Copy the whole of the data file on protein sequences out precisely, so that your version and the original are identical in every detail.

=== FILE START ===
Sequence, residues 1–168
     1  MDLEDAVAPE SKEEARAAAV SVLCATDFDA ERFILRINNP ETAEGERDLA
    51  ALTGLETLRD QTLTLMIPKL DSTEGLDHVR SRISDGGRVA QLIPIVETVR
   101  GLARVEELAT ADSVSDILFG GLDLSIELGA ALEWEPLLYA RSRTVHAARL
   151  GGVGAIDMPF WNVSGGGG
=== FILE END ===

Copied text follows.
Sequence, residues 1–168
     1  MDLEDAVAPE SKEEARAAAV SVLCATDFDA ERFILRINNP ETAEGERDLA
    51  ALTGLETLRD QTLTLMIPKL DSTEGLDHVR SRISDGGRVA QLIPIVETVR
   101  GLARVEELAT ADSVSDILFG GLDLSIELGA ALEWEPLLYA RSRTVHAARL
   151  GGVGAIDMPF WNVSGGGG